The trend for inexpensively produced but quality products in China is leaving some companies unable to adopt corporate social responsibility, a media workshop in Beijing was told.
Dennis Driscoll, co-director of Peking University's Law School, told the event on Saturday that both Chinese and foreign-funded enterprises sometimes struggled to balance productivity with the need to protect the welfare of workers and the environment.
"Many Chinese companies say they cannot be socially responsible while making money," said Driscoll, who is also president of the Irish branch of the International Law Association.
His studies found management in such companies concentrated on their relationships with governments rather than establishing good business strategies that also helped employees.
He said some Chinese suppliers, such as shoemakers in Shenzhen, had little understanding of the dimensions of corporate social responsibility and were not efficient in human resources management and communications.
As China's booming economy attracts increasing foreign investment, ordinary laborers, particularly the 200 million migrant workers in the export processing industry, have suffered harder workloads.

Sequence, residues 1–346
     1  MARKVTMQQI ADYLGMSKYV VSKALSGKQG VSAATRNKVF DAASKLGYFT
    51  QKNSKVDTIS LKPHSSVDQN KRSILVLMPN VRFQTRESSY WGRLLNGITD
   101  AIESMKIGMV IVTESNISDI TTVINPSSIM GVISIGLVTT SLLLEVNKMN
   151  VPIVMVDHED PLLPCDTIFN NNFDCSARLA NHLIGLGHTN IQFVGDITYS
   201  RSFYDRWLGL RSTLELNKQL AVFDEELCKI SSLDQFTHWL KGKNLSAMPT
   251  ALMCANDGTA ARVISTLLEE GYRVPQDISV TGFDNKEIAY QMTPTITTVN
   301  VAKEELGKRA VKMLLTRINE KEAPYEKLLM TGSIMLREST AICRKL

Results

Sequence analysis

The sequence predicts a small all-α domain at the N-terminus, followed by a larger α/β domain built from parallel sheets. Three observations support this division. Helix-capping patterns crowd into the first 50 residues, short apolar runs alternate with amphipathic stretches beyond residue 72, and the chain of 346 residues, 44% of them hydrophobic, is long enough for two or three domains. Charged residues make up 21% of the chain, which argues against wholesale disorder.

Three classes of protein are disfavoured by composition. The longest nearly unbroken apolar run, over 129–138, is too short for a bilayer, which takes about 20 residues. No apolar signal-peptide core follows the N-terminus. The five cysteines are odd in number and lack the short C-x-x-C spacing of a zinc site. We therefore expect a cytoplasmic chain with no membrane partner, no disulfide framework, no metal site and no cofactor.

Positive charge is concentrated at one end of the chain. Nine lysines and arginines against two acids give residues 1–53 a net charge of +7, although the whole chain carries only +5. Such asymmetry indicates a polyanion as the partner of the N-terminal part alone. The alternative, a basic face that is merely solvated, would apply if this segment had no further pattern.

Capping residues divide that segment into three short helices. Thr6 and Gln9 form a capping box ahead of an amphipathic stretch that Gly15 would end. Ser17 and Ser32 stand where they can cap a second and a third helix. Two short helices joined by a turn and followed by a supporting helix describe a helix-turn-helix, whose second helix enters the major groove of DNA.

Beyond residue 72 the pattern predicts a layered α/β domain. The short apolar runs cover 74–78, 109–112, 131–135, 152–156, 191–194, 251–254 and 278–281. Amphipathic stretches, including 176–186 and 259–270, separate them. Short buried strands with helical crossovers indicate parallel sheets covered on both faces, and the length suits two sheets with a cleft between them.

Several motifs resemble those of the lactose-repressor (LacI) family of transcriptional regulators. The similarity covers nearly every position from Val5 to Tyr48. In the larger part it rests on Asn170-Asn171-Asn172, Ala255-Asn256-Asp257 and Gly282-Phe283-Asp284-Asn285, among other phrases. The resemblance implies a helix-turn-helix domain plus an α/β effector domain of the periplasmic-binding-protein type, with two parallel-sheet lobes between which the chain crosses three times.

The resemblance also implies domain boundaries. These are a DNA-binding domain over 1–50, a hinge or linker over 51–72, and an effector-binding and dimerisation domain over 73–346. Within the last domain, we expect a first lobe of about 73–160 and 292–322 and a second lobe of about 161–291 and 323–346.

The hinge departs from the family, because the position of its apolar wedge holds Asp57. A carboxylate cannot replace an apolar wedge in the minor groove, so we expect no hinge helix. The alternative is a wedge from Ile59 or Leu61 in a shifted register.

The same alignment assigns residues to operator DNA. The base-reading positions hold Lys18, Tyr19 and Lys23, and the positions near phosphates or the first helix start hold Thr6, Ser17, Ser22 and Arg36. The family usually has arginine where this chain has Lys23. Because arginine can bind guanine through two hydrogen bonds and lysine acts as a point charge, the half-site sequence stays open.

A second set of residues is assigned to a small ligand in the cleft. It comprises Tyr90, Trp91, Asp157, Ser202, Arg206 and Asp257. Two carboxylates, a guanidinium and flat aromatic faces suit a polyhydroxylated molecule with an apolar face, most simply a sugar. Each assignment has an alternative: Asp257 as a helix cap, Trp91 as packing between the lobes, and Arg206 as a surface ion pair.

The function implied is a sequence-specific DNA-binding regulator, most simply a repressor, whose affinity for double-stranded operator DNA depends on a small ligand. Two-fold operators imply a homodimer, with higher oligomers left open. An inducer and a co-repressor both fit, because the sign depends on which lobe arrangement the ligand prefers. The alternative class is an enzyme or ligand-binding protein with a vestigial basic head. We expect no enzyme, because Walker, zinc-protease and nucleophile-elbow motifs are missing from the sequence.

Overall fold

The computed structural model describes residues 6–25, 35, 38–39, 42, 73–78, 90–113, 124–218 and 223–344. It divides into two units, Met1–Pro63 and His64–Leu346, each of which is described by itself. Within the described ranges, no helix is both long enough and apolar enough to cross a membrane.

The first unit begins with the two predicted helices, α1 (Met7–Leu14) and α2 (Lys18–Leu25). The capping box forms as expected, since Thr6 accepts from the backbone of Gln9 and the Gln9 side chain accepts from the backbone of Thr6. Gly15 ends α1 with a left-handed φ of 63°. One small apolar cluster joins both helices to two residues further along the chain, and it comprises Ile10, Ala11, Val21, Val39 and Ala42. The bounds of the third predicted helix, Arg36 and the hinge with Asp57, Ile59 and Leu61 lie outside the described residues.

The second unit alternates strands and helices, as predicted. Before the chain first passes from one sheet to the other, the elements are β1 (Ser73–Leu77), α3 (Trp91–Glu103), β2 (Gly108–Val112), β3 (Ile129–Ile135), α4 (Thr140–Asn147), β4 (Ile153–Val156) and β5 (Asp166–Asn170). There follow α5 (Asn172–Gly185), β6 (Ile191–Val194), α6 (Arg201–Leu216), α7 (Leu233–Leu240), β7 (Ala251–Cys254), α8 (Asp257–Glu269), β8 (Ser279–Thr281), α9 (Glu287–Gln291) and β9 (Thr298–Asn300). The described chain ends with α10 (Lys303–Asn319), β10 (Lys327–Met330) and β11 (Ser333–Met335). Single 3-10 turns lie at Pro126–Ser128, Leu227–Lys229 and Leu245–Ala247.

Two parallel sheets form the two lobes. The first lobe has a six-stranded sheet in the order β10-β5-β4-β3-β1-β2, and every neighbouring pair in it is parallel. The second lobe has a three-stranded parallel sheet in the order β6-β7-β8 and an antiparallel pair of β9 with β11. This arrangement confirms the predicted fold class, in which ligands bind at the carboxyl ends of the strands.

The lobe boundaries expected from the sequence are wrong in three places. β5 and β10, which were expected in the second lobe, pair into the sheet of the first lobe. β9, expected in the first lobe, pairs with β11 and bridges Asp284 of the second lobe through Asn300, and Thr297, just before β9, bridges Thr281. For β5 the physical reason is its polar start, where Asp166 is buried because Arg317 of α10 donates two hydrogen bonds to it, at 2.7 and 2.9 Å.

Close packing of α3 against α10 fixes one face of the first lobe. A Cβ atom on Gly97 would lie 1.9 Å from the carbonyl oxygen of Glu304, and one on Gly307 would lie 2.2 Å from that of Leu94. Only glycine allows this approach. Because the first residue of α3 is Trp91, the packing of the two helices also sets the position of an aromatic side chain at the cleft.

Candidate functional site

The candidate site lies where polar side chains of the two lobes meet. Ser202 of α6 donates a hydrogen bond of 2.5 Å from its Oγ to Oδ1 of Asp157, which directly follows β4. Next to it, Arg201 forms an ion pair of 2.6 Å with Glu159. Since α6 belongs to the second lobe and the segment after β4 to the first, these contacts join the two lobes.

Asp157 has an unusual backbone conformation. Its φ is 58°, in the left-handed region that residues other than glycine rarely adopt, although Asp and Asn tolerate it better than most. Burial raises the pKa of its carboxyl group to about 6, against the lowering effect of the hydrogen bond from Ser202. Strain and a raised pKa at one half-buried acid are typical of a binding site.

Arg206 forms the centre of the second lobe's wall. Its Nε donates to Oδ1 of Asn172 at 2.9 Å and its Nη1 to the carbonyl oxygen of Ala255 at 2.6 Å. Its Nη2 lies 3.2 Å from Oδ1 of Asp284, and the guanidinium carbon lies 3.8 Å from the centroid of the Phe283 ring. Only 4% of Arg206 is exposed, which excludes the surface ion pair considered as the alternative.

Liu Kaiming, executive director of Shenzhen-based Institute of Contemporary Observation, said at Saturday's workshop co-sponsored by pharmaceutical firm Bayer and Peking University that the group worked an average of 6.4 days per week and 9.4 hours per day, but were paid poorly.
He said encouraging Chinese suppliers to be socially compliant was important and urgent.
Currently, anti-sweatshop organizations in the West and multinational corporations mainly drive the movement for corporate social responsibility.
But ironically, multinational firms, which are imposing ever-growing requirements on Asian factories to abide by codes of conduct, continually demand goods at lower prices delivered at greater speed. It means the factories find it hard to be socially compliant.
"Multinational firms and Western consumers should be held partly responsible," Driscoll said.
(China Daily April 25, 2006)